Armed Conflicts
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Israel attacked the Middle East with two murderous strikes in Lebanon and Iran - Hezbollah and Iran are to the brink of war

Yesterday's news of the assassination of Hamas leader Saleh al-Arouri in Lebanon may not have been a "bolt from the blue" for those who have been following developments in the Middle East over the years, but it marked a new phase in the Israel-Hamas war, since it went beyond the borders of the Gaza Strip.

Al-Arouri, in addition to being a leading Hamas figure, was also its chief liaison with the Lebanese Hezbollah organization and its Iranian protectors and thus played a key role in coordinating Hamas-Hezbollah actions against Israel.

This individual was at the top of Israel's hit list even before the bloody Hamas attack last October. 

The assassination of Hamas leader al-Arouri in Lebanon and statements by Israeli officials 

International media reports that "The vague statements issued by Israeli officials in response to the news of al-Arouri's assassination did nothing to dispel the widely held view that Israeli intelligence was behind the assassination," noting:

"Led by its foreign intelligence agency, Mossad, Israel's intelligence services have a long history of extrajudicial killings. In his book Rise and Kill First, Israeli investigative journalist Ronen Bergman discusses in detail the history of these assassinations, which predate the post-war establishment of the state of Israel.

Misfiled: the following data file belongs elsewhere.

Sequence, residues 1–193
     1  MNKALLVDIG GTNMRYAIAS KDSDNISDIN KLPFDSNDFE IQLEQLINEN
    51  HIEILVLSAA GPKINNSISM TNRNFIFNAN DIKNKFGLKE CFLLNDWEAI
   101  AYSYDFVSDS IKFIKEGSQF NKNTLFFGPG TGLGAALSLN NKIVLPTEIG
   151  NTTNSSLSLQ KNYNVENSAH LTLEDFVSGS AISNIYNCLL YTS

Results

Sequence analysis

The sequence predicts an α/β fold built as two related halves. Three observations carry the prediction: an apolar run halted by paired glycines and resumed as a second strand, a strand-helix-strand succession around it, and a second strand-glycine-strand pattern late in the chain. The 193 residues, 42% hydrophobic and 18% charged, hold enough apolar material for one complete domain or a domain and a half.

Bergman's data-rich research reveals that Israeli intelligence agencies have carried out some 2,700 extrajudicial killings in their history, more than any Western state.

Given such a prolific history of targeted assassinations, the killing of al-Arouri in Beirut can be described as both expected and unremarkable.

Indeed, Israeli officials have repeatedly stated since October 7 that Hamas' senior leadership will be targeted globally. In a leaked recording last month, Ronen Bar, director of the Israeli Security Agency, was heard announcing to members of Israel's Knesset that senior Hamas leadership would be targeted "in Gaza, in the West Bank, in Lebanon, in Turkey, in Qatar, everywhere."

Mossad's strike at the heart of Hezbollah is a show of strength

At the time the recorded conversation was leaked, no one believed that Barr, a seasoned intelligence officer, was bluffing. Indeed, Mossad's operational capabilities and reach are well understood by everyone in the Middle East.

That al-Arouri was assassinated in Beirut's southern suburb of Dahiye is significant, since being a Hezbollah stronghold, Dahiye is tightly controlled.

The assassination in the centre of Hezbollah's nest was but a demonstration of Mossad's special operations capability.

If Israel really intends to neutralise the Hamas leadership, the Mossad's capacity will be increasingly tested in the coming months, as the Jewish state will have to strike repeatedly beyond its borders.